In this monograph based on her Uehiro Lectures at Oxford University, F. M. Kamm applies theoretical perspectives and distinctions she developed elsewhere to some aspects of three related areas of practical moral concern, namely, torture, terrorism and war (with one chapter devoted to each of these areas). More specifically, she discusses: (1) the moral justification for torturing those responsible for creating lethal threats (as in, for example, ticking-time-bomb scenarios); (2) whether the intention to harm innocent civilians accounts for the special wrongness of terrorism; and (3) two of the conditions necessary for going to war according to traditional just war theory, namely, right reason (e.g., self-defence) and the need to avoid evil effects which are disproportionately large relative to the good effects. This book displays the impressive conceptual sophistication, argumentative rigor and use of imaginary examples characteristic of Kamm's philosophical work. It is a valuable addition to the theoretical literature.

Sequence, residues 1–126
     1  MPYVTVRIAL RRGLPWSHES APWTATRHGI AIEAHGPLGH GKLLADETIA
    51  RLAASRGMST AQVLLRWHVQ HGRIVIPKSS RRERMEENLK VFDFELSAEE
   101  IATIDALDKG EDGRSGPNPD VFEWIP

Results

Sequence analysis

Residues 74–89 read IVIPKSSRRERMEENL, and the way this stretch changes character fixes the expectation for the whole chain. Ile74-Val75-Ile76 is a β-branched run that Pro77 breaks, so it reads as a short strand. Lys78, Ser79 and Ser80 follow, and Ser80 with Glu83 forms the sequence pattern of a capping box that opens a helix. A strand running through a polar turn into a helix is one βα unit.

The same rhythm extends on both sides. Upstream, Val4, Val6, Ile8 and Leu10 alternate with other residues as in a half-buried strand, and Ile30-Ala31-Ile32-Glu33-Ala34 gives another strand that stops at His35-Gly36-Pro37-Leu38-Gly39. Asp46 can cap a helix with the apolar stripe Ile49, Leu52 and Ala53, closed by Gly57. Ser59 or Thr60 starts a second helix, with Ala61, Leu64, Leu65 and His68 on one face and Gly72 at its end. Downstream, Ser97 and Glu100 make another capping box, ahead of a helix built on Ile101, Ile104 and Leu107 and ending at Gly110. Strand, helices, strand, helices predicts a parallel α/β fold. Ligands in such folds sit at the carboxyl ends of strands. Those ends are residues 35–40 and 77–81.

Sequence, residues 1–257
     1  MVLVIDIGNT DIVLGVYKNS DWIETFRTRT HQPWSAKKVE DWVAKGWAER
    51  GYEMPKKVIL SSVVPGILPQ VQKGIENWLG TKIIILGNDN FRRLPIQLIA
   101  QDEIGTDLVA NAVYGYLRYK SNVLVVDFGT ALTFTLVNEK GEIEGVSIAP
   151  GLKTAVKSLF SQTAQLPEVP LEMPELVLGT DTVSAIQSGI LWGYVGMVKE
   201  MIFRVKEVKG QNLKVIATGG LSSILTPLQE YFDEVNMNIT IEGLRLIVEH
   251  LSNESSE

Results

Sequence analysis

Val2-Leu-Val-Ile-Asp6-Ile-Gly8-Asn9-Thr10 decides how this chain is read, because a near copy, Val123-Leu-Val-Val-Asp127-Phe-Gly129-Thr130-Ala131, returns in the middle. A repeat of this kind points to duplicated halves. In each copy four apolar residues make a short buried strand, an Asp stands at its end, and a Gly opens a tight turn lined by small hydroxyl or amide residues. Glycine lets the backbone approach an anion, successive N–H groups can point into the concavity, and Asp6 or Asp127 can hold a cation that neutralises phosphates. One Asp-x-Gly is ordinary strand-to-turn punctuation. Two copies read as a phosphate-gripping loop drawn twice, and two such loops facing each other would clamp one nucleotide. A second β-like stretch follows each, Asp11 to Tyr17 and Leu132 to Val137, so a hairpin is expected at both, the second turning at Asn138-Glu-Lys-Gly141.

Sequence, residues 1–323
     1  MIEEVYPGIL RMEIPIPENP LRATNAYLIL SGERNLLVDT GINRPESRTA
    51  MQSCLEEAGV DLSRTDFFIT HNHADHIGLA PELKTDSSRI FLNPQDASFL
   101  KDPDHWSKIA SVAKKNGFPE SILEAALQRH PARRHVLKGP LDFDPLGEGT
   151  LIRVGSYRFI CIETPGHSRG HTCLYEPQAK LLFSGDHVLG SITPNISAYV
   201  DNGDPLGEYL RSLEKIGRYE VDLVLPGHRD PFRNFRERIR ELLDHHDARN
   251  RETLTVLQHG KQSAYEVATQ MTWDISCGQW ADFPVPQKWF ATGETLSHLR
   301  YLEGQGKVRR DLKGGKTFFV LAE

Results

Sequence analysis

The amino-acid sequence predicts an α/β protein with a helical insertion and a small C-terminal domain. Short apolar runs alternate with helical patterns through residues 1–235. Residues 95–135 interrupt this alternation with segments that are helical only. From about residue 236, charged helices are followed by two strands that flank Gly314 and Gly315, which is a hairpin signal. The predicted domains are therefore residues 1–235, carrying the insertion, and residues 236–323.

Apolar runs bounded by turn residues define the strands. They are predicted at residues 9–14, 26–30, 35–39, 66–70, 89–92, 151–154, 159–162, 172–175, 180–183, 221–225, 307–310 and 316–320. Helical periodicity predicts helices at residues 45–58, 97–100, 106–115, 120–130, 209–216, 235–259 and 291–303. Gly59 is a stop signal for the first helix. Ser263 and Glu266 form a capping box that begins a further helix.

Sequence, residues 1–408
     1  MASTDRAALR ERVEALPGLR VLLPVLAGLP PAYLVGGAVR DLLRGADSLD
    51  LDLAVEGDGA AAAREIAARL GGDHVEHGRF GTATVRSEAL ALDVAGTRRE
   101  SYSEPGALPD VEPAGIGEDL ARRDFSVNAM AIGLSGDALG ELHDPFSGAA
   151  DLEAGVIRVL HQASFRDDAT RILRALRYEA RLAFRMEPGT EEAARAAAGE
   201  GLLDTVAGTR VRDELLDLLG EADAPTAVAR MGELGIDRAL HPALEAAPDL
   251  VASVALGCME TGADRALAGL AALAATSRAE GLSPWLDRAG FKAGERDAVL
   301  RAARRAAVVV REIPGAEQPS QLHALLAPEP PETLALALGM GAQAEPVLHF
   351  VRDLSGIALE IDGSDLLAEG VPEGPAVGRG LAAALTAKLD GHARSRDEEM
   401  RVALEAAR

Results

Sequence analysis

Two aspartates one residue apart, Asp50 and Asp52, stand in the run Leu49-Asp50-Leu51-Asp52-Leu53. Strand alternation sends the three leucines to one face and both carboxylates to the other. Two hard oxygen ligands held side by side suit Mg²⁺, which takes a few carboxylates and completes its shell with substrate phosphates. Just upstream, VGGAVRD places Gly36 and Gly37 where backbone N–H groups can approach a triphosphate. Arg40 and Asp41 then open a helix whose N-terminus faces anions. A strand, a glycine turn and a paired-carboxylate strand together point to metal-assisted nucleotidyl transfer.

|Number of pages||6|
|Journal||Notre Dame Philosophical Reviews|
|Publication status||Published - 2012|